Why Labour is right to oppose Britain’s new carbon tax

By 2015, the coalition's carbon price floor will be inextricably linked with rising energy prices.

Just after 7pm on 5 July last year a significant but largely unnoticed piece of political positioning took place that will increasingly take centre stage at Westminster.  As MPs debated the Finance Bill, line by line, Labour’s Shadow Economic Secretary, Kerry McCarthy, announced that the party would oppose the coalition’s plans to impose a carbon price floor on electricity generators and industry from April 2013. 

The then Economic Secretary, Justine Greening, sought common ground in the debate but Labour stood firm and refused to withdraw its amendment. The House divided and the legislation passed with a majority of 59. Some nervous Tory MPs decided to raise their valid concerns over the impact of a new high carbon tax and three voted against the coalition's clause with many abstentions, but this was well before coalition policy U-turns had become an established fact of Westminster proceedings.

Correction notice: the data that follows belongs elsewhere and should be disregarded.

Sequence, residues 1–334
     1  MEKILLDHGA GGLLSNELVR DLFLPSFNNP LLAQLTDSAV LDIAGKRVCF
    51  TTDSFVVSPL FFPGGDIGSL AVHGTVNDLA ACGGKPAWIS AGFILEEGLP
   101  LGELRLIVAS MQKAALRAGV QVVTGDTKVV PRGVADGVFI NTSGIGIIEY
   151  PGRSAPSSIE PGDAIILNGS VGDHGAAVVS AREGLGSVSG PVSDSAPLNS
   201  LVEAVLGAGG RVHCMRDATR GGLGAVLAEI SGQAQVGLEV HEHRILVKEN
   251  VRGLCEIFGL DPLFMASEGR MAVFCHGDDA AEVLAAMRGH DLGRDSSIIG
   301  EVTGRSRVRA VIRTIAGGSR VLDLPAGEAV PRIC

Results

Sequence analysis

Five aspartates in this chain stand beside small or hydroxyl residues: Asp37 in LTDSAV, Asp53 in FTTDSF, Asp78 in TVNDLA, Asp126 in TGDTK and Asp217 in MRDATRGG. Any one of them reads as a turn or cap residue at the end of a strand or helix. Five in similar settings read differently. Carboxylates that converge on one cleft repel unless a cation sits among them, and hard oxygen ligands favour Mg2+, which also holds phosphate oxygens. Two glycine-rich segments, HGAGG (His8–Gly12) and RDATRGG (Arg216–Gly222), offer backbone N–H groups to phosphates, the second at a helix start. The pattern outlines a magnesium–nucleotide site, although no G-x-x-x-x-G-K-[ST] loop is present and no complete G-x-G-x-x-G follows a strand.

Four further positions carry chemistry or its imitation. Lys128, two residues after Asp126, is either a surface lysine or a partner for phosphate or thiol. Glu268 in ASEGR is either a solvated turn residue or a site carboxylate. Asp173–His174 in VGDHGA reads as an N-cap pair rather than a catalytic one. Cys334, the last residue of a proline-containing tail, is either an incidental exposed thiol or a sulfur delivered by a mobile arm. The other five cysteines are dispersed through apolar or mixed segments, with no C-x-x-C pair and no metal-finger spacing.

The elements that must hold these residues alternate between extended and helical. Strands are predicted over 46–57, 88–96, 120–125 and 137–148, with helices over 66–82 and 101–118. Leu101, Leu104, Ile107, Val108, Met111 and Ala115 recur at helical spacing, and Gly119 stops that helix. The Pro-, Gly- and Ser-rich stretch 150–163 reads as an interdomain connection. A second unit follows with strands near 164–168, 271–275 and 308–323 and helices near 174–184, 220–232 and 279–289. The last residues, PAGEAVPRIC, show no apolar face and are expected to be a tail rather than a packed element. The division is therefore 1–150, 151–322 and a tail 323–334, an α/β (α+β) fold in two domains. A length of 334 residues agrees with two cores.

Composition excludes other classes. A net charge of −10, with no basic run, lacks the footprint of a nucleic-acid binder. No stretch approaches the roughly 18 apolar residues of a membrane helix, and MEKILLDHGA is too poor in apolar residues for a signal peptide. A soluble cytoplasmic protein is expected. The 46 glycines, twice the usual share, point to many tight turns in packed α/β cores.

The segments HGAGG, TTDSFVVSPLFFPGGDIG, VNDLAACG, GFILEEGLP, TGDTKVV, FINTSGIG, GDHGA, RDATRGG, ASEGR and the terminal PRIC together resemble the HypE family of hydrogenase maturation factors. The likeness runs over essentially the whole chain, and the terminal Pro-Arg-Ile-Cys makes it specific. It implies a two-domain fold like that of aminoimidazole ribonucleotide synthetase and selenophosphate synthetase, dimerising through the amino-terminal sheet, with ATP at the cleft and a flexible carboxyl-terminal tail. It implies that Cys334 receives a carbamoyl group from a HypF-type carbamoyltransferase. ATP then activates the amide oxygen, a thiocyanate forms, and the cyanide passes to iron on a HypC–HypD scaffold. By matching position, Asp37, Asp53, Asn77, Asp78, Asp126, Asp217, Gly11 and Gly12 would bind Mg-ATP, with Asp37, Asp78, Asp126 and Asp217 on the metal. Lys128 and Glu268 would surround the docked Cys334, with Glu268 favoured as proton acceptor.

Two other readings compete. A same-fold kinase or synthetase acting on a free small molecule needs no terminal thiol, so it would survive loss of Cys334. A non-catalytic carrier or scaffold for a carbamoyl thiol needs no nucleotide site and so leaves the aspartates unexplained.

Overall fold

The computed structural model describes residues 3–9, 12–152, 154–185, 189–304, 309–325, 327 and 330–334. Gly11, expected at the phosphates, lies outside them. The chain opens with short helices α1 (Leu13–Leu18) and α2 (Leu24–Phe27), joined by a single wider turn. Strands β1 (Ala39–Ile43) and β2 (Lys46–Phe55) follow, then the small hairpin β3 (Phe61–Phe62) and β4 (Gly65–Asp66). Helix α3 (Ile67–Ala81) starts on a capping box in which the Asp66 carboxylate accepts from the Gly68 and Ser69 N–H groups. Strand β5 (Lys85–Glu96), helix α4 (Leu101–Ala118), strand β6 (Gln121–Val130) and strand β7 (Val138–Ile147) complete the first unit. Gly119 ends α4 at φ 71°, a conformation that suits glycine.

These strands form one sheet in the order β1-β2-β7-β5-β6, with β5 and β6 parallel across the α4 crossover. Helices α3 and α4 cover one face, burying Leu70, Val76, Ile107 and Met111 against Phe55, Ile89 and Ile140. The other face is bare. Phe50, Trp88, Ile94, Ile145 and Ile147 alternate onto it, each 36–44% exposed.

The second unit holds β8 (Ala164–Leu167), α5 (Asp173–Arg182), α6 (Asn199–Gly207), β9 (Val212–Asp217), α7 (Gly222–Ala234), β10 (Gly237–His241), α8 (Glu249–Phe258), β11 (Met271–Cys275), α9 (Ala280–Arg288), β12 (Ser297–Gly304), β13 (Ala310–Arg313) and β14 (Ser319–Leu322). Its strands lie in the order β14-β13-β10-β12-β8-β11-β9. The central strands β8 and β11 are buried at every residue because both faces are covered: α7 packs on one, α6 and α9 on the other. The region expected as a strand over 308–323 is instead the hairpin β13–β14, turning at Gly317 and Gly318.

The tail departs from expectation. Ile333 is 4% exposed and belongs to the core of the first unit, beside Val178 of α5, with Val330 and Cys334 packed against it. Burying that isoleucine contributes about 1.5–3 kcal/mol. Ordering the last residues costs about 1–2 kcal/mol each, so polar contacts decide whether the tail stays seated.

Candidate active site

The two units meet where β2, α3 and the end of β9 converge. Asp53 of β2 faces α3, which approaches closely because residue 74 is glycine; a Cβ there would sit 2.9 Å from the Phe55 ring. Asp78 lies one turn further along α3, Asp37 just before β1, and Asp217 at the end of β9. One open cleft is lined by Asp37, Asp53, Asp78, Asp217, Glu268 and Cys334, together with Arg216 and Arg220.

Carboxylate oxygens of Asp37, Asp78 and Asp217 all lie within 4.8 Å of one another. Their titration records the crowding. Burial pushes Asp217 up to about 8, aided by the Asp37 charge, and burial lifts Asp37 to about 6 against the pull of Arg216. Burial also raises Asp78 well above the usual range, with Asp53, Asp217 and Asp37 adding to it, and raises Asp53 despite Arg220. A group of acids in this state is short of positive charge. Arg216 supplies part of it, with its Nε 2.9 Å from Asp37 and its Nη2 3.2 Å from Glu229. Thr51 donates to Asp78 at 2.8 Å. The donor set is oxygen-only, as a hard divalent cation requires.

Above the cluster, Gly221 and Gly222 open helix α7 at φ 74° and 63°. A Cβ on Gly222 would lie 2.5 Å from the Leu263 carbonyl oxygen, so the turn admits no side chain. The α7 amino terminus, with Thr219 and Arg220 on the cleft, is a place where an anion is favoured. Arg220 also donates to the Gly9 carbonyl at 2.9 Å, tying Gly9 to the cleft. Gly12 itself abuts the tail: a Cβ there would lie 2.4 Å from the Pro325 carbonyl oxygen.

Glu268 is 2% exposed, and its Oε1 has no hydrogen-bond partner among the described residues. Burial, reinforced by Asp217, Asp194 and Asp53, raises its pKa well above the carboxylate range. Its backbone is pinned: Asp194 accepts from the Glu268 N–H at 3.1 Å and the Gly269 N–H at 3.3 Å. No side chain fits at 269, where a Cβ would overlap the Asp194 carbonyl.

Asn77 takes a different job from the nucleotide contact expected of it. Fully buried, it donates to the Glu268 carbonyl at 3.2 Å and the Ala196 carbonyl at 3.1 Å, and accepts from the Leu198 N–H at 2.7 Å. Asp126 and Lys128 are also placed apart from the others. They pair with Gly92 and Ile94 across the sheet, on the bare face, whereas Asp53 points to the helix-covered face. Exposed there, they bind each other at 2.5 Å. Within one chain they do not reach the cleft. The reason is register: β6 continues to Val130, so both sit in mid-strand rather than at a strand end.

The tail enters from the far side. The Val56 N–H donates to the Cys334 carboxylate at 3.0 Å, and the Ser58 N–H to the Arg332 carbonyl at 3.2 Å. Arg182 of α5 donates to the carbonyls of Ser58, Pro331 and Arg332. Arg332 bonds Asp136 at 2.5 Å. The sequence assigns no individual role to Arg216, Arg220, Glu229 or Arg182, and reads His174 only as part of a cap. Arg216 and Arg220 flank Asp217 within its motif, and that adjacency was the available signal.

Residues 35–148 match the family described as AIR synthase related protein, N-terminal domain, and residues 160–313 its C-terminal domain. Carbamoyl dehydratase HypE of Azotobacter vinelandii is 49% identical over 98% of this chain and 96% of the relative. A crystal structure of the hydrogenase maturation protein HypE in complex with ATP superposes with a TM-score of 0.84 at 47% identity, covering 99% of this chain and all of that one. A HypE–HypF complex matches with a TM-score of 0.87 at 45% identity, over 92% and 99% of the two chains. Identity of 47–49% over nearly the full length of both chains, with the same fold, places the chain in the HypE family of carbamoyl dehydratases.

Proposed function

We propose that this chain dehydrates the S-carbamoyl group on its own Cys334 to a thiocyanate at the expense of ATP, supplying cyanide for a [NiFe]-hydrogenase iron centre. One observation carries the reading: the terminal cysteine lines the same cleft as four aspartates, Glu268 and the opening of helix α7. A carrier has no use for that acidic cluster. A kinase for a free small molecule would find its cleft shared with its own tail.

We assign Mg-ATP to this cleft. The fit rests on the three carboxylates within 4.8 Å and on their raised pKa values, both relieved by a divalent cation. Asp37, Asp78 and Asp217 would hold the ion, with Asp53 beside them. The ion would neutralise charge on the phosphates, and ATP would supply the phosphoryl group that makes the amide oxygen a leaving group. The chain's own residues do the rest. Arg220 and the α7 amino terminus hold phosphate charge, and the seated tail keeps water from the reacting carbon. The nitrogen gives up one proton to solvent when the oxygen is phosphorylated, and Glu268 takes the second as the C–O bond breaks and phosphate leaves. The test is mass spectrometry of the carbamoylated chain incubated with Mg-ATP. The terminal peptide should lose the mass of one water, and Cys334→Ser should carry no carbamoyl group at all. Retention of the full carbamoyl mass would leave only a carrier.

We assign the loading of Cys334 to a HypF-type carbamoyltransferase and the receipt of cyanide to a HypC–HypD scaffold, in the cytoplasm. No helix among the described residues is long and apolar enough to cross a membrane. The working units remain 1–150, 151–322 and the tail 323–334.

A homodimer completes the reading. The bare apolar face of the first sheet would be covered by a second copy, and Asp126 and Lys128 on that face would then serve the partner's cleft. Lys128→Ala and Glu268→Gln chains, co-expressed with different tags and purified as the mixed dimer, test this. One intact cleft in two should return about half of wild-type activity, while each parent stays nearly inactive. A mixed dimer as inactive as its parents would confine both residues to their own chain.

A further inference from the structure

So why was this significant, and why could this play well for Labour in the run up to the next election? Ironically, one has to look at Australia where the incumbent Labor government has just introduced its own carbon price floor (known commonly as the carbon tax) and is now trailing the Liberal/Conservative opposition by up to 20 per cent.

So what is the problem? The price of carbon, traditionally set in the market through the European Union Emissions Trading Scheme (EU ETS), is arguably far too low at around £5/6 per tonne, and therefore, it is argued, too uncertain for the long-term low carbon investment decisions that need to be made. In response, the coalition has decided to impose a unilateral UK carbon price floor to set a guaranteed minimum price for carbon. It has turned its back on the EU scheme, which has kept carbon prices in the UK level with those across Europe.

In effect, the new policy will introduce a UK floor on the price of carbon emissions facing power generators and industry in the UK. If the ETS price is ever above the floor, the tax would be zero; if the EUA price is below the floor, the new tax would make up the difference.